So as much as I dislike clutter, the truth is I’m no stranger to jam packed shelves, overstuffed drawers, and stacks… oh I love my stacks.

Whenever I think of clutter and things that I need to let go of, two items in my house always come to mind: the double Slanket and the ice cream maker

Let me start with the ice cream maker. I don’t know what my husband and I thought our lives as a married couple were going to be like when we were registering for gifts twelve years ago, but apparently we thought we were going to be entertainers extraordinaire. We registered for an assortment of entertaining items and household goods that in a million years I don’t know how or when we could have used all that stuff.   Over the years, I have managed to part with some of those things, but there is one item I simply cannot let go of- the ice cream maker

This ice cream takes up a rather large amount of real estate in our pantry/laundry room, and truth be told, I have never even gotten the thing out of the box. Never. Yet, I will not give it away. I feel bad that someone spent all that money on a gift and feel like I should hold onto it. I tell myself that someday I’ll make ice cream for my son… and there will be memories… and laughter. There will ice cream, laughter filled memories. And so there the ice cream maker still sits

Then there is the Slanket. About six years ago you may remember that the Snuggie appeared on the market. You could by a Snuggie at Walgreens for $14. But a Slanket, the original blanket with sleeves, was sold on television for $40. I have no idea what prompted my husband to do this, but one night he saw a commercial for a double Slanket, a Slanket with four armholes so you and your loved one can sit cuddled under this contraption, and he spent $40+ on this double Slanket. He was beyond proud of himself and so excited to have solved all of my nightly temperature challenges.

Well, the $40+ Slanket arrived, and I have no idea what this thing was made of but you couldn’t sit under it for more than five minutes for fear that your body would burst into flames. It didn’t just keep you warm. It set your body on fire… a sweaty, fiery mess.

So use of the Slanket was very short lived yet it lingers in one of our few cabinets we have for storage because my husband refuses to let me give it away. Clutter. It is the worst.

We all have things we hang onto and things that are easier for us to let go of, and we have all sorts of reasons we let things linger in our lives:

So and so gave me this so I feel guilty if I give it away. I might need it in the future. It might come back in style. I’ll reread it someday. I will read it someday. We got these on that trip years ago. I’ll hold onto these in case I lose the weight… in case I gain the weight back. I spent a lot of money on this- I can’t just give it away. This might be worth something someday. We have to keep it for nostalgic sake.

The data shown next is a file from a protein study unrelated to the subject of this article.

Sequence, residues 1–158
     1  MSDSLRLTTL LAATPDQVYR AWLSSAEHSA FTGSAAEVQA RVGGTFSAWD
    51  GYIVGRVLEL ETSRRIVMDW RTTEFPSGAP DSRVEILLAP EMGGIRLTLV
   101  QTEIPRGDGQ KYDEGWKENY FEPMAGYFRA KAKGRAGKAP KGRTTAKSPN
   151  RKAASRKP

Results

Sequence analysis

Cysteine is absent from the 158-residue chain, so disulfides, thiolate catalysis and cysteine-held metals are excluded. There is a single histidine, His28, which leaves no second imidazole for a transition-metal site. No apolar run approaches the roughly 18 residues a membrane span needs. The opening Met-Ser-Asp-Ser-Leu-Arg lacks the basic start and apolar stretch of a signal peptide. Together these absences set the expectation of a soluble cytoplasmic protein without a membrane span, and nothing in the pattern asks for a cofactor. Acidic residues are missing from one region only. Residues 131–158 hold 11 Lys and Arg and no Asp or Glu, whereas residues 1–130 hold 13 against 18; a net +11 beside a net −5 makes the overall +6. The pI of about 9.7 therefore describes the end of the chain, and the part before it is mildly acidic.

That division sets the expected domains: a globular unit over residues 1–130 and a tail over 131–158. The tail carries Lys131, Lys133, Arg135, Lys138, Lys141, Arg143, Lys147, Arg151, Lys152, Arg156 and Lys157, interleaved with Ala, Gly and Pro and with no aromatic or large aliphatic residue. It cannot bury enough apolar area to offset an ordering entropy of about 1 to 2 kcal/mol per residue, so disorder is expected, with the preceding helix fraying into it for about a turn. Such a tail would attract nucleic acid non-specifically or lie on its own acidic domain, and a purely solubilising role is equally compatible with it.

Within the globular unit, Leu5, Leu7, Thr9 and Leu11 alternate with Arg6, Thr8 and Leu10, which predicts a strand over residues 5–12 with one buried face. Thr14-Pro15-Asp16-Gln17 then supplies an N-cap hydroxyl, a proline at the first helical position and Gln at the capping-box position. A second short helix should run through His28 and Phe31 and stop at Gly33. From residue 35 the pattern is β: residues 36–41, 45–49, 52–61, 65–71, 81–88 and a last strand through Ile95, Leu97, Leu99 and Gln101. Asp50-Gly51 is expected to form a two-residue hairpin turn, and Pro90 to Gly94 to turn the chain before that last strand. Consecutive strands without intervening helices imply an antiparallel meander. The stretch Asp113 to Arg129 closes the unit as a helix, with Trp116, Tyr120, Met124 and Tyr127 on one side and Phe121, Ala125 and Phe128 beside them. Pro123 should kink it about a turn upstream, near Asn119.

After we stare at the cluttered cabinet and closet for far too long and muse over this laundry list of reasons, we most likely end up feeling overwhelmed and we shut the door and think, “Ugh I’ll just deal with that later.” And the clutter stays… stays taking up space… taking up room… taking up opportunity that something more beneficial, more productive, more necessary could inhabit.

Isn’t that the problem with clutter? It takes up valuable space. Even if we don’t want to make room for something else, it is still taking up space. Clutter makes things harder to find. It clouds our vision and all we can see is the mess, the clutter. We can’t see the thing we’re looking for, the thing we need in the moment.

The cost of clutter in our homes is similar to the cost of clutter in souls. Like old sweaters we can’t let go of or kitchen appliances we’re convinced we will use someday, there are some things that we hold onto in our lives sometimes knowingly and sometimes unknowingly. Habits, quirks, worries, fears, decisions, regrets, hurts, relationships, images of who we think a loved one should be, images of who we think we should be, criticisms, dreams, nightmares. All of this stuff clutters our lives. It may not clutter our physical lives- on the outside those may look pristinely organized with color-coded, labeled bins- but it clutters our inner lives.

Just like the stuff in our closets and cabinets, this clutter keeps us from seeing what we need to see. It keeps us from finding answers, from using the resources available to us. It keeps us from trying new habits. It keeps us from going after new, healthy relationships because we’ve learned to live around all the clutter.   We’ve learned to accommodate the clutter.

What are the worries, concerns, and insecurities that are cluttering your mind? What are the feelings of anger, disappointment, and shame that are cluttering your heart?   A cluttered mind races at night and spaces out during the day. A cluttered heart is overly guarded, a little raw, and sometimes lonely. Mental clutter keeps us from doing the things we were meant to do while heart clutter keeps us from being the people we were meant to be.

What do you want to let go of in your life? What are you ready to let go of in your life? It’s the same question with one very important word change. We have to be ready to let go. We have to be willing to do the hard work to let go of the clutter that has become so much a part of our lives that we may not even notice it any more.  It can be a scary endeavor to think about letting go of the clutter that has become your constant companion, your excuse, your rationalization, maybe even your identity. But when you let go of your mental and heart clutter, you make room for the answers, wisdom, love, freedom, and joy that your mind and heart truly need.

What do you want to let go of in your life? What are you ready to let go of in your life?

Back In The Saddle Again

Oh my dear, beloved blog! It has been too long! Where has the time gone? Last time I posted, kids were just settling back in school and football season was starting. Now kids are getting ready for break, the football gods have decided who the best four teams in the nation are, and it is almost Christmas! It takes your breath away how quickly times passes!